rind. Beat egg whites to soft peaks and gently fold into
Melt butter in a 9-inch skillet over medium heat, and add
egg mixture. Cook slowly until bottom of omelet is golden
brown. You may cover pan until top of omelet is thoroughly
cooked or you may serve it with the top slightly runny, as
with a regular French omelet. You may also turn it over if
you want it browned on both sides. Spread with fruit sauce
or preserves (apricot, strawberry or raspberry preserves are
especially good with this). Fold in half and serve.
serving (based on 4): 110 calories; 6 g fat; 3 g saturated
fat; 188 mg cholesterol; 6 g protein; 7 g carbohydrate; 7 g
sugar; no fiber; 102 mg sodium; 27 mg calcium.
from "The German Cookbook" by Mimi Sheraton
4 to 6 servings
teaspoon baking powder
teaspoon freshly ground black pepper
cloves garlic, peeled and sliced
cup finely chopped fresh chives or scallions
finely chopped fresh parsley leaves
cup finely chopped fresh cilantro leaves
cup fresh chopped dill or 2 tablespoons ground dill
large potato, peeled, cooked and mashed, or 2 tablespoons
tablespoons oil or melted butter
Preheat oven to 350 degrees.
Break eggs into a large bowl. Add baking powder, salt and
pepper. Beat with a fork. Add garlic, chives, parsley,
cilantro, dill and mashed potato or flour, and mix together
Place butter or oil in an 8-inch ovenproof baking dish or
skillet and put dish in the oven for 10 to 15 minutes. Pour
in the egg mixture and bake uncovered for 30 minutes or
until a light golden brown. Serve from the baking dish or a
platter. Cut into small pieces and serve hot or cold.
serving (based on 6): 162 calories; 10 g fat; 2 g saturated
fat; 186 mg cholesterol; 8 g protein; 12 g carbohydrate; 1 g
sugar; 1 g fiber; 549 mg sodium; 99 mg calcium.
adapted from "New Food of Life; Ancient Persian and
Modern Iranian Cooking and Ceremonies" by Najmieh
4 to 5 servings
loaf of white bread, crusts removed, cut into cubes
pound bacon or bulk breakfast sausage, or ¾ cup cubed ham
pound sliced fresh mushrooms
cups whole milk
pound (5 ounces) shredded cheddar cheese
teaspoon dry mustard or 2 tablespoons Dijon mustard
pound asparagus, bottom few inches removed
Recipe can be easily doubled. Cook in a 9-by-13-inch baking
Place bread in a buttered 8-by-8-inch baking dish. If using
bacon, cut into 1-inch strips and fry until crisp. For
sausage, fry, crumble and drain. For ham, cook in a nonstick
pan, turning, until browned and heated through.
Melt butter in a large skillet over medium-high heat. Add
mushrooms, season with salt, and cook until tender. Drain
off excess liquid.
a large bowl, combine eggs, milk, cheese, mustard, reserved
meat, cooked mushrooms and asparagus. Pour this mixture over
the bread, but do not mix. Cover with plastic wrap and
Preheat oven to 350 degrees. Bake 45 to 60 minutes or until
heated through. Let cool slightly, then cut into serving
pieces. Serve warm.
serving (based on 5): 400 calories; 25 g fat; 12 g saturated
fat; 241 mg cholesterol; 25 g protein; 20 g carbohydrate; 6
g sugar; 1 g fiber; 666 mg sodium; 385 mg calcium.
adapted from the Milwaukee Journal Sentinel.
EGGS WITH ROQUEFORT
ounces Roquefort or other creamy blue cheese
Preheat oven to 400 degrees. Put on a pot of water to boil.
Season the heavy cream with nutmeg, salt and pepper.
Butter 6 individual ramekins and break an egg into each one,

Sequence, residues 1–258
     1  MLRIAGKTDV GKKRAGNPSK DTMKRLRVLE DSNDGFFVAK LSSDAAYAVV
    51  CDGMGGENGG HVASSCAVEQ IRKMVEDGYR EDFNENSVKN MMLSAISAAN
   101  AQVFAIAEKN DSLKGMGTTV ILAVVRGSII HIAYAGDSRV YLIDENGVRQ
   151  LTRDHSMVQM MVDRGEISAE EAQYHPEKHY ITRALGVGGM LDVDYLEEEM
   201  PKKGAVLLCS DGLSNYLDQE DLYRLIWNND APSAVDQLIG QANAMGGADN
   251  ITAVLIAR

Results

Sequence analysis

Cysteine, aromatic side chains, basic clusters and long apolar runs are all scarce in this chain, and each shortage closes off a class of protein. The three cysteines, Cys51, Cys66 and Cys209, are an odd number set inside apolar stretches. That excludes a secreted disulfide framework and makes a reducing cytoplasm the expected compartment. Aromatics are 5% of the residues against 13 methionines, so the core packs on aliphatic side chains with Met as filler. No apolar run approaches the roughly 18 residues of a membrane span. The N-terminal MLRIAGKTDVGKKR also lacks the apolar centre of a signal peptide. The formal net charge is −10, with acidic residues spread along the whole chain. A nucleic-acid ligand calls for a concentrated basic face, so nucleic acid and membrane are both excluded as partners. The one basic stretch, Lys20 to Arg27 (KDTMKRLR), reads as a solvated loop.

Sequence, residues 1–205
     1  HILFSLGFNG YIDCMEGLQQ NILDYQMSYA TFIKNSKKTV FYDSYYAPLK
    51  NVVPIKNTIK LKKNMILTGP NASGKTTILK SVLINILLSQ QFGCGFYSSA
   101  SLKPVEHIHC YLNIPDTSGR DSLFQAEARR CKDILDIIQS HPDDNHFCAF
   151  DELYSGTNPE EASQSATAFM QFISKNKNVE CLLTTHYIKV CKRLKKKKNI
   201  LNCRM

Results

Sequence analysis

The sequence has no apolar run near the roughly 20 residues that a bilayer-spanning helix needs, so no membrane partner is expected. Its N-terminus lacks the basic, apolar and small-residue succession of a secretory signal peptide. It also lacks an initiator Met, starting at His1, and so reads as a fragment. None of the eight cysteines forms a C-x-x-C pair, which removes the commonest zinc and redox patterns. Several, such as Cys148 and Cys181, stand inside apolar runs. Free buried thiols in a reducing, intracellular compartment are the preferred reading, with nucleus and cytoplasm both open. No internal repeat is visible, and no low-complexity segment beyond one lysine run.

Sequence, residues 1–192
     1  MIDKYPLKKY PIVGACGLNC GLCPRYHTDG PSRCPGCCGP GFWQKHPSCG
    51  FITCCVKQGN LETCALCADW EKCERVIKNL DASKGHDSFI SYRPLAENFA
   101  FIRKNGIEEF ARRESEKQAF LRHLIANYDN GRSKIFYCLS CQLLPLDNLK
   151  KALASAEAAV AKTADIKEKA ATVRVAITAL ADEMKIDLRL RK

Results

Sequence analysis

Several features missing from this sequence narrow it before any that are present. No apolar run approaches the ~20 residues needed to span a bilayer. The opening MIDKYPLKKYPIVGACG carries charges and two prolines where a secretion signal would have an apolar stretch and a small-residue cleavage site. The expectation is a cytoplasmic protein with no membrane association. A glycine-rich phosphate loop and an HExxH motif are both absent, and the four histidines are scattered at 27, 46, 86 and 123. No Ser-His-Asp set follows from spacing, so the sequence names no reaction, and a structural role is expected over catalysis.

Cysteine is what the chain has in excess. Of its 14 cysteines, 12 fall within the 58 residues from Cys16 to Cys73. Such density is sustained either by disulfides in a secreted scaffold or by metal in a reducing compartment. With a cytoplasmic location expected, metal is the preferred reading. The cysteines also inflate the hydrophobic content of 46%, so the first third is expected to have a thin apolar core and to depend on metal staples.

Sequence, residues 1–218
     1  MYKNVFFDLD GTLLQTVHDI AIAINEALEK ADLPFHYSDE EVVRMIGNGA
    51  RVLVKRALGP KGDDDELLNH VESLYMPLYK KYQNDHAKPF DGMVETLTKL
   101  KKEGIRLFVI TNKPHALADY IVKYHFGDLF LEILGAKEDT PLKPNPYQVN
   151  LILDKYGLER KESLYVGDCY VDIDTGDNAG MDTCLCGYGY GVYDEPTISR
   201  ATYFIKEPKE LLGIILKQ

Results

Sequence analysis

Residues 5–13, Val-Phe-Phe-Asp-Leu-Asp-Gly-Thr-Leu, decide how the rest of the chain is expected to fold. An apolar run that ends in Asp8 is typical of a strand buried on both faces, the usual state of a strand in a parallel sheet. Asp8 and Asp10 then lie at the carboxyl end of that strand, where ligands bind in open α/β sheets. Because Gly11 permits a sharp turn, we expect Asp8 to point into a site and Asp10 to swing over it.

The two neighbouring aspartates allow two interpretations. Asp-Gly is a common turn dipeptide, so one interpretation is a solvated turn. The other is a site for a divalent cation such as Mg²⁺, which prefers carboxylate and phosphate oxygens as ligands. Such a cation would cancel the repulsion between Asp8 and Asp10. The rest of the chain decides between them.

taking care not to break the yolk. Add a few walnut kernels
and chunks of Roquefort cheese to each ramekin, then pour
the cream to fill each ramekin.
Place the ramekins in a baking dish and place the dish in
the oven near the front (do not close the door). Quickly add
boiling water to the baking dish until it rises halfway up
the side of the ramekins — be careful not to splash water
into the ramekins. Close the oven door and bake until the
eggs are as you like them, about 12 to 15 minutes.
serving: 527 calories; 51 g fat; 24 g saturated fat; 308 mg
cholesterol; 14 g protein; 6 g carbohydrate; 3 g sugar; 1 g
fiber; 358 mg sodium; 193 mg calcium.
from "French Feasts," by Stéphane Reynaud
3 to 4 servings
tablespoons olive oil
medium onion, peeled and diced
cloves garlic, peeled and thinly sliced
1 chile pepper (or to taste), stemmed, sliced in half and
minced; seeds removed for less heat if desired
teaspoon freshly ground black pepper
teaspoon paprika, smoked or sweet
teaspoon caraway seeds, crushed
teaspoon cumin seeds, crushed, or 3/4 teaspoon ground cumin
pounds ripe tomatoes, cored and diced, or 2 (14-ounce) cans
of diced or crushed tomatoes
tablespoons tomato paste
teaspoon red wine vinegar or cider vinegar
loosely packed greens such as radish greens, watercress,
kale, Swiss chard or spinach, coarsely chopped
ounces (about 1 cup) feta cheese, cut in generous, bite-size
4 to 6
a wide skillet, heat the olive oil over medium-high heat.
Add the onions and the garlic and cook until soft and
wilted, about 5 minutes. Add the chile pepper (if using),
salt, pepper, paprika, caraway seeds, cumin and turmeric.
Cook for 1 minute, stirring constantly, to release their
the fresh or canned tomatoes, tomato paste, honey and
vinegar, reduce the heat to medium and cook 12 to 15 minutes
until the sauce has somewhat thickened. Stir in the chopped
Turn off the heat and press the cubes of feta into the
tomato sauce. With the back of a spoon, make 4 to 6
indentations in the sauce. Crack an egg into each
indentation. Turn the heat back on to bring the sauce to a
gentle simmer, and cook for about 10 minutes, taking some of
the tomato sauce and basting the egg whites from time to
time. Cover and cook 3 to 5 minutes, until the eggs are
cooked to your liking.
Serve with lots of crusty bread for scraping up the sauce.
serving (based on 4): 326 calories; 21 g fat; 8 g saturated
fat; 304 mg cholesterol; 17 g protein; 20 g carbohydrate; 12
g sugar; 5 g fiber; 1,345 mg sodium; 229 mg calcium.
by David Lebovitz from recipes by Yotam Ottolenghi and Sami
Tamimi in "Jerusalem" and Adam D. Roberts in
"Secrets of the Best Chefs"